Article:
We tested our predictions (dissociation of the slope and intercept of the theta frequency–running speed relationship, with anxiolytics reducing intercept, novelty reducing slope) by recording naturally occurring hippocampal theta from rats freely foraging for scattered food rewards in open-field environments.

Anxiolytic drugs reduce the intercept of the theta frequency–running speed relationship

The effects of two clinically well-established but neurochemically dissimilar anxiolytics, buspirone (a 5-HT1A agonist) and CDP (a benzodiazepine agonist), were tested in 4-d blocks (experiment 1). Four CA1-implanted rats experienced four trials daily for 4 consecutive days, receiving an intraperitoneal injection immediately after the third trial, of vehicle (days 1 and 3) or drug (days 2 and 4) (for experimental timeline, see Fig. 1a; for details of electrode locations for experiment 1, see Fig. 2a–c, Table 2). We used doses of buspirone and CDP shown previously to be anxiolytic in rats in a wide range of anxiety models (Table 1). As predicted, both anxiolytics significantly reduced the intercept of the frequency–speed relationship (buspirone, F(2,6) = 22.16, p = 0.002, Fig. 3a,b; CDP, F(2,6) = 5.92, p = 0.04, Fig. 3c,d) at both the higher (paired t(3): buspirone, one-tailed p = 0.004, 0.72 Hz mean reduction; CDP, one-tailed p = 0.04, 0.36 Hz mean reduction) and lower (paired t(3): buspirone, one-tailed p = 0.02, 0.50 Hz mean reduction; CDP, one-tailed p = 0.05, 0.25 Hz mean reduction) doses but had no effect on the slope (buspirone, F(2,6) = 2.25, p = 0.19; CDP, F(2,6) = 0.39, p = 0.70).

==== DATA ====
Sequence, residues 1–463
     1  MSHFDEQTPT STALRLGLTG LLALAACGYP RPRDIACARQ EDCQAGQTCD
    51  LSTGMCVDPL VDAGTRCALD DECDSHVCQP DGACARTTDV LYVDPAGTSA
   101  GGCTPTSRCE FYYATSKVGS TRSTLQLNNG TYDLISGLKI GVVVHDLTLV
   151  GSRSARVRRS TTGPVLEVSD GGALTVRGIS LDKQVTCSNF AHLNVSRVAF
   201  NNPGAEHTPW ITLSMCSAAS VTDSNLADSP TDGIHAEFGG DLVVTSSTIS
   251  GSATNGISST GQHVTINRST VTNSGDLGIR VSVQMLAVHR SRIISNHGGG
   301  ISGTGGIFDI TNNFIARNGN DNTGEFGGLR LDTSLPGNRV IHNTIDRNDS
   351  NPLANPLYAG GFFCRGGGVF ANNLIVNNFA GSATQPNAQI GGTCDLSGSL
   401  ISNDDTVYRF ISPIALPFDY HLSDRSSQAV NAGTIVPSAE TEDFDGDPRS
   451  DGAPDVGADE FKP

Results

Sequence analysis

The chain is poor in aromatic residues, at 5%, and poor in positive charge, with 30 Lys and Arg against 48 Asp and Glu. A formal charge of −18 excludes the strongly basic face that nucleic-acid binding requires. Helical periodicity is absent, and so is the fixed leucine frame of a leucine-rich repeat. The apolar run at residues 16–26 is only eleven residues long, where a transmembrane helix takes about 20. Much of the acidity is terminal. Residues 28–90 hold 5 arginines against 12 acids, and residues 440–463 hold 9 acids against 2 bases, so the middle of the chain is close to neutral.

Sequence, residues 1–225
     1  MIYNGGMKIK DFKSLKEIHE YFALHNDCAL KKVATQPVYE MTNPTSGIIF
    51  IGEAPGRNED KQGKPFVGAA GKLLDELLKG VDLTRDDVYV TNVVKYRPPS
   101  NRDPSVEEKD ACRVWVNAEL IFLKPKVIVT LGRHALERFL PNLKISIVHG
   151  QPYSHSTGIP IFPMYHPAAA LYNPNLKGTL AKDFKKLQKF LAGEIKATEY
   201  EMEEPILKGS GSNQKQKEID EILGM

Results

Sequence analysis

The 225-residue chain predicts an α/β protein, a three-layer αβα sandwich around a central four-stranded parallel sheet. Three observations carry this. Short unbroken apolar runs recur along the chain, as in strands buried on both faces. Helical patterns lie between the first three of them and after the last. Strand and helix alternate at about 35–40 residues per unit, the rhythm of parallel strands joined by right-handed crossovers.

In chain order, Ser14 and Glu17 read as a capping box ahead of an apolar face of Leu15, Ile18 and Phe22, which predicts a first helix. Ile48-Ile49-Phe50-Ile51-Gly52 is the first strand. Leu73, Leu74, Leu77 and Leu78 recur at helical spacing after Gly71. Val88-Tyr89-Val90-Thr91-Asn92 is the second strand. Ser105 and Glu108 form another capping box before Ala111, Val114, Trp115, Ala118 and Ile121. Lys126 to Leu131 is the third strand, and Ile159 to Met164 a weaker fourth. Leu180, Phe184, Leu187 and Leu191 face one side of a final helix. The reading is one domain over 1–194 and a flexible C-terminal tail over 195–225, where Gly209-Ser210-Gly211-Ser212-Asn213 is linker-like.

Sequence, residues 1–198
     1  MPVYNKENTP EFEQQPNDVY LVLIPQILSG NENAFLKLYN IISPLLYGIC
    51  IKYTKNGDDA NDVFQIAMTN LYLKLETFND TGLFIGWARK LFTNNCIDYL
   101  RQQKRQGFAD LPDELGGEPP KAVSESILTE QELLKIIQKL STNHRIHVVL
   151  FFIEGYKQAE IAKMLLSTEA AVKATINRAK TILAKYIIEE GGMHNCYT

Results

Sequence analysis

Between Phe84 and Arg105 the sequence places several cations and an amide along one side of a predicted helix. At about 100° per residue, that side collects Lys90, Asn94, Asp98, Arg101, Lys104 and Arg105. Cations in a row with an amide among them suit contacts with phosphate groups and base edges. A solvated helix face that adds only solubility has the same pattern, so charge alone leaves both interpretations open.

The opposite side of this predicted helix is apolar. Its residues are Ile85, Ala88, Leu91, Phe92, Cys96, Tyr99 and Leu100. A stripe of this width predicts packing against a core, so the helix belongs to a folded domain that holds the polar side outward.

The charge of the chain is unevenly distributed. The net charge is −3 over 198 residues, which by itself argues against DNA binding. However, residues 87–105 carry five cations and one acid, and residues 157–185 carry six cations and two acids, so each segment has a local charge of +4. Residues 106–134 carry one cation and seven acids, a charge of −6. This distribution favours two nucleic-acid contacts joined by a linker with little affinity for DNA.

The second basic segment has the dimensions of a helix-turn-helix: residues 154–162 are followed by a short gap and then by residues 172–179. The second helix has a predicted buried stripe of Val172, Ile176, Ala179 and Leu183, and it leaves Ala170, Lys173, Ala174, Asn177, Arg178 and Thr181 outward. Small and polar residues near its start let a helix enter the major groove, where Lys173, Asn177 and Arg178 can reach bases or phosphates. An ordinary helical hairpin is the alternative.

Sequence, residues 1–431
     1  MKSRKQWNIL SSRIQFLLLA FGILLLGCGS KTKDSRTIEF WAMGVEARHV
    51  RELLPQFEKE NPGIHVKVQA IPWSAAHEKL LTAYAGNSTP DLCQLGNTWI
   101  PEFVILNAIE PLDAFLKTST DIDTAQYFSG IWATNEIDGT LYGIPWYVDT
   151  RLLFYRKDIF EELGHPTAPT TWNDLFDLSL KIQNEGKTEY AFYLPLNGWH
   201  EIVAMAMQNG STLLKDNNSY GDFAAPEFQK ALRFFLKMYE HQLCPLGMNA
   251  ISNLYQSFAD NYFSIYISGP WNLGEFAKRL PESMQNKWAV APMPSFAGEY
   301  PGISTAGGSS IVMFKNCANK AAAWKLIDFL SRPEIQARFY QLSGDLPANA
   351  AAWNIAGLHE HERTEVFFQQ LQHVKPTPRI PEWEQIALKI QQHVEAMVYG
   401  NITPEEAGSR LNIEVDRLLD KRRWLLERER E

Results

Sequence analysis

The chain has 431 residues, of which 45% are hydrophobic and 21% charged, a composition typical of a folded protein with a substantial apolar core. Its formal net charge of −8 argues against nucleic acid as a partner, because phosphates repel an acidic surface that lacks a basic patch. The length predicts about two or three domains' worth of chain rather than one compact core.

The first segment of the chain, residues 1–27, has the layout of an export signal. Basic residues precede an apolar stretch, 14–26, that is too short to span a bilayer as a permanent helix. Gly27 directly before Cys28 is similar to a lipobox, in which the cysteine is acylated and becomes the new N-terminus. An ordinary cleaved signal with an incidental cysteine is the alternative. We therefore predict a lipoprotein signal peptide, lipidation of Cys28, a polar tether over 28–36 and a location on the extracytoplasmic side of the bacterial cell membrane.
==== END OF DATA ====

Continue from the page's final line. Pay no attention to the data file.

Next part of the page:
Figure 2
LFP electrode tracks from experiments 1, 2, and 4. Cresyl-violet-stained sections of the dorsal hippocampus are shown for tworats (experiment 1, rats 1 and 2). Arrows indicate the track of the LFP electrode. a, b, The progression of the electrode track ...
Table 2
Electrode recording sites for experiments 1 – 4

Buspirone was the final drug administered in experiment 1. To confirm that intercept reduction was not somehow attributable to previous injections, two additional, drug-naive rats (rats 5 and 6) with CA1-implanted electrodes were exposed to the testing environment of experiment 1 for 4 consecutive days and for five trials per day (same trial length and ITI). Intraperitoneal injections were given immediately after the fourth trial of the day (days 1–3, saline; day 4, buspirone). As predicted, buspirone reduced intercept (mean reduction of 0.39 Hz), a result that even with just two rats approached significance (t(1) = 4.08, Cohen’s d = 5.78, one-tailed p = 0.076; Fig. 3e). Buspirone did not affect slope (t(1) = 0.22, p = 0.86).